The “Sue Lyle Way”
The title of Sue's bio sums it all up really. Read her story below.
How not to train for a marathon and get a PB
Having run 1 or 2 marathons each year for the last ten years I have learned to fit my training round my life rather than my life round my training.
This year a new puppy who was not allowed to run much and many family commitments meant my training was less than ideal.
I did the Barnes Green 1/2 marathon and the great south run (10 miles) last autumn but no other runs longer than 6 miles.
In January I did the winter tanners 30 mile off road run. It took about 7 hours.
I did Brighton and Hastings 1/2s in the spring. These were the only runs I did on road in my training.
I did one 17 mile run about 3 weeks before the marathon.
I did no formal training but did do park run every week as speed work.
Most days I pottered round between 3-6 miles on muddy hilly footpaths.
Between January and March I lost 5 kg by drastically reducing my intake on 2 days a week. I still ran on these days.
Come Marathon Day I felt fit and determined but underprepared. It was warmer than I would have liked but I finished in 3.52.44. This was 8 seconds faster than my previous pb set 9 years previously.
I think the reasons it went well were:
I had run on trails which take more effort than road so on race day it seemed easy
I was lighter than I had been
I did park run every week
I was not exhausted from over training
This plan or lack of it would not suit most people, but if you don't manage to do all the miles you intend,don't despair you may just get a PB.
Conventional Training Schedule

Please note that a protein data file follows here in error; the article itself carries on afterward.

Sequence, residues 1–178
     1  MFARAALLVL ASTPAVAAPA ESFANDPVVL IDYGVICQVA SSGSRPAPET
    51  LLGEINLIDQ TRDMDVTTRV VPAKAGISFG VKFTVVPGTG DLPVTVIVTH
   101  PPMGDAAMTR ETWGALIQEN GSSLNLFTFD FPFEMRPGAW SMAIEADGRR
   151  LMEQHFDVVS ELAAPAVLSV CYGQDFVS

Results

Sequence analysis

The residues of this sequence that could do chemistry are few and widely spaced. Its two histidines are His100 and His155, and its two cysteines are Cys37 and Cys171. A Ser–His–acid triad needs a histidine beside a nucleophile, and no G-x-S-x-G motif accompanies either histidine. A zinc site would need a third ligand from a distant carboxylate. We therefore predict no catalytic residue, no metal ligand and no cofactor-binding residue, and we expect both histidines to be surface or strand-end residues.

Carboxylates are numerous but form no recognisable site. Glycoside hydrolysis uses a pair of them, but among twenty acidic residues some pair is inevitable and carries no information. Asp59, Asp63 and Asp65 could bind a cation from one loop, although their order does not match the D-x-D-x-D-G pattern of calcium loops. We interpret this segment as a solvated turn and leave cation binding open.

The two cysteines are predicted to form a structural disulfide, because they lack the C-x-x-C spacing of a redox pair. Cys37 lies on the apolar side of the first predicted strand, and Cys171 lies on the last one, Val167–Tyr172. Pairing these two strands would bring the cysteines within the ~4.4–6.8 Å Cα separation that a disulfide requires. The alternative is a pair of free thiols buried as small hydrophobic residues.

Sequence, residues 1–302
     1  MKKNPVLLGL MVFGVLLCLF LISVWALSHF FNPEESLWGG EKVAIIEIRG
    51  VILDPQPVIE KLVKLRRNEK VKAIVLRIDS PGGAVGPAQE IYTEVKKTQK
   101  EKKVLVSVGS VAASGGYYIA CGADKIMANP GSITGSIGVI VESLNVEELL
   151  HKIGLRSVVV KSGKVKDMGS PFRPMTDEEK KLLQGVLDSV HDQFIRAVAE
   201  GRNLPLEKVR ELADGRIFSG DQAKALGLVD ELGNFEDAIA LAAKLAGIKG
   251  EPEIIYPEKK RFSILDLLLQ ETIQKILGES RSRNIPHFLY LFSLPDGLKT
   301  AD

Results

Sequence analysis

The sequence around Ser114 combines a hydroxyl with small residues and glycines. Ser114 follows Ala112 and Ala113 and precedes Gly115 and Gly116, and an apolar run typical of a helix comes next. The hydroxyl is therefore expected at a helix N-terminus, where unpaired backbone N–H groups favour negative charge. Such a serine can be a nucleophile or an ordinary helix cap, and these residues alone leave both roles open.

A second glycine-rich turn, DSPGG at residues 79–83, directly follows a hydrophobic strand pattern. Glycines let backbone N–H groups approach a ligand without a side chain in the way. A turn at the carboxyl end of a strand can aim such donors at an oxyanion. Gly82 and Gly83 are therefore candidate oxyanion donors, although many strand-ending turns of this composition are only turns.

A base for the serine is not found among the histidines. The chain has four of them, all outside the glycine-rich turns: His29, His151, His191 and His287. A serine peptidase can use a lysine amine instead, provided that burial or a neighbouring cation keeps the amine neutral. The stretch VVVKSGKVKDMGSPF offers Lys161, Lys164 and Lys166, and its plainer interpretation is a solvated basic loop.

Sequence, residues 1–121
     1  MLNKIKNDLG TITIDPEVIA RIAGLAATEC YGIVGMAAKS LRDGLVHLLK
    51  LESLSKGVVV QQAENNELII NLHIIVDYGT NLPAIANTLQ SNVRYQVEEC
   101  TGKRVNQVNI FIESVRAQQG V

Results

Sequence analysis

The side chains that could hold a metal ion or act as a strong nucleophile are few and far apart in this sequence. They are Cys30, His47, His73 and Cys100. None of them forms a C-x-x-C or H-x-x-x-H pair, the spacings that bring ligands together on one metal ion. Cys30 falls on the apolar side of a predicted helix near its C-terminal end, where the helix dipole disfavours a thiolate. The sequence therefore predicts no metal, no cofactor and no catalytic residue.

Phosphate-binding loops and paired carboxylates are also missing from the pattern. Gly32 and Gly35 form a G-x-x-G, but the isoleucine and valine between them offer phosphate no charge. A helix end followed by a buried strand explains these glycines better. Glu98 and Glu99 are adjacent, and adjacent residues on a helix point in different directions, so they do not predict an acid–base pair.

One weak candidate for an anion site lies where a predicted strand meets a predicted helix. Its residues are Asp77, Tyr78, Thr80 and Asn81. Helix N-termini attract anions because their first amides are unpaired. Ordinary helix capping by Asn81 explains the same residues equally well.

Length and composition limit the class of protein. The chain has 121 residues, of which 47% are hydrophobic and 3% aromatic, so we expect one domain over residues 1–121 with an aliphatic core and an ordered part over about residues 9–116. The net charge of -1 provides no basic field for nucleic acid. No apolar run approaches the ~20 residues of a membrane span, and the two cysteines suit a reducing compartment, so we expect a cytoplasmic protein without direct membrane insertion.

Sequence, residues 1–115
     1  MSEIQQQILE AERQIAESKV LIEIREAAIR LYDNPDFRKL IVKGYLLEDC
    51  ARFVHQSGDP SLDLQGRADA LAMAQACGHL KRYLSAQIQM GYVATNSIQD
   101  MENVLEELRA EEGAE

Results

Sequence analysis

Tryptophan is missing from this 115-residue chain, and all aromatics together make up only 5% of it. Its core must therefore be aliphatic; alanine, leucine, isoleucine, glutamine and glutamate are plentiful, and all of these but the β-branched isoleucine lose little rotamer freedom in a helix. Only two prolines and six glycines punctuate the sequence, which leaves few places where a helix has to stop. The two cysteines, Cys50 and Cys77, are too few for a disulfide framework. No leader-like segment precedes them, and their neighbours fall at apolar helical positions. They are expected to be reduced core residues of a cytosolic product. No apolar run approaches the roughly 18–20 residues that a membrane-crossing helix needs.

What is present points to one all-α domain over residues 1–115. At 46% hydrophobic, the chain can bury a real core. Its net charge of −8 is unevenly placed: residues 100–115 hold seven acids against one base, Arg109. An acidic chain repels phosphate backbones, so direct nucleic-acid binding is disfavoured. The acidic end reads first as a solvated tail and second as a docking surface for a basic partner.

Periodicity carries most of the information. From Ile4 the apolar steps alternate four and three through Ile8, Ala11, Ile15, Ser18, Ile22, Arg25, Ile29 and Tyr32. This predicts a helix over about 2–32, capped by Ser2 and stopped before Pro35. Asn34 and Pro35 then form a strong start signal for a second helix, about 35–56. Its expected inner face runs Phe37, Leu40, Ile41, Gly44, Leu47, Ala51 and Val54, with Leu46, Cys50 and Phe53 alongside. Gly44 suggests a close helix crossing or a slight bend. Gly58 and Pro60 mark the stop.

Linda followed a conventional marathon training schedule involving a long run most weekends and peaking with a 20mile run. Read her story below.
VIRGIN LONDON MARATHON APRIL 2014 TRAINING PLAN
I had previously completed 4 marathons before being fortunate enough to gain a place at the 2014 London Marathon. I was absolutely determined to improve upon my time this year having finished Brighton Marathon the last two years with exactly the same time.
I continued to follow a typically conventional training plan much as I had in previous years but this year I ensured that it was more structured rather than just ‘bashing’ out miles of endless running as I had done in the past. As I embarked upon my marathon training in January, I started my LSR off at around 8 miles and took care to ensure I only ever increased this distance by between 1-2 miles each week even if I felt that I was able to run further. These LSR runs varied week to week of both on and off road as did the intensity of the runs sometimes with hills and at other times completely flat and included Brighton and Hastings Half Marathons both of which I found very useful in replicating race day conditions and helping me to gauge my pace. I also incorporated other forms of exercise into my programme to cross train. A typical week would be something like this:
1 hour circuit training combining upper and lower body exercises.
BHR Club Night. I found the monthly track sessions at Lewes to be particularly useful for speed work.
1 hour of either a step or aerobics class
Long slow run starting off at 8 miles and gradually increasing the distance up to 20 miles.
I remained injury free up until about two weeks before London when unfortunately I began to suffer with a recurring injury with my IT Band and outer hamstring. Sports massages and stretching exercises helped and thankfully the injury didn’t develop further.
Race day arrived and I ran the entire 26.2 miles without stopping once completing the marathon in 4.37.09 a PB of 20 minutes.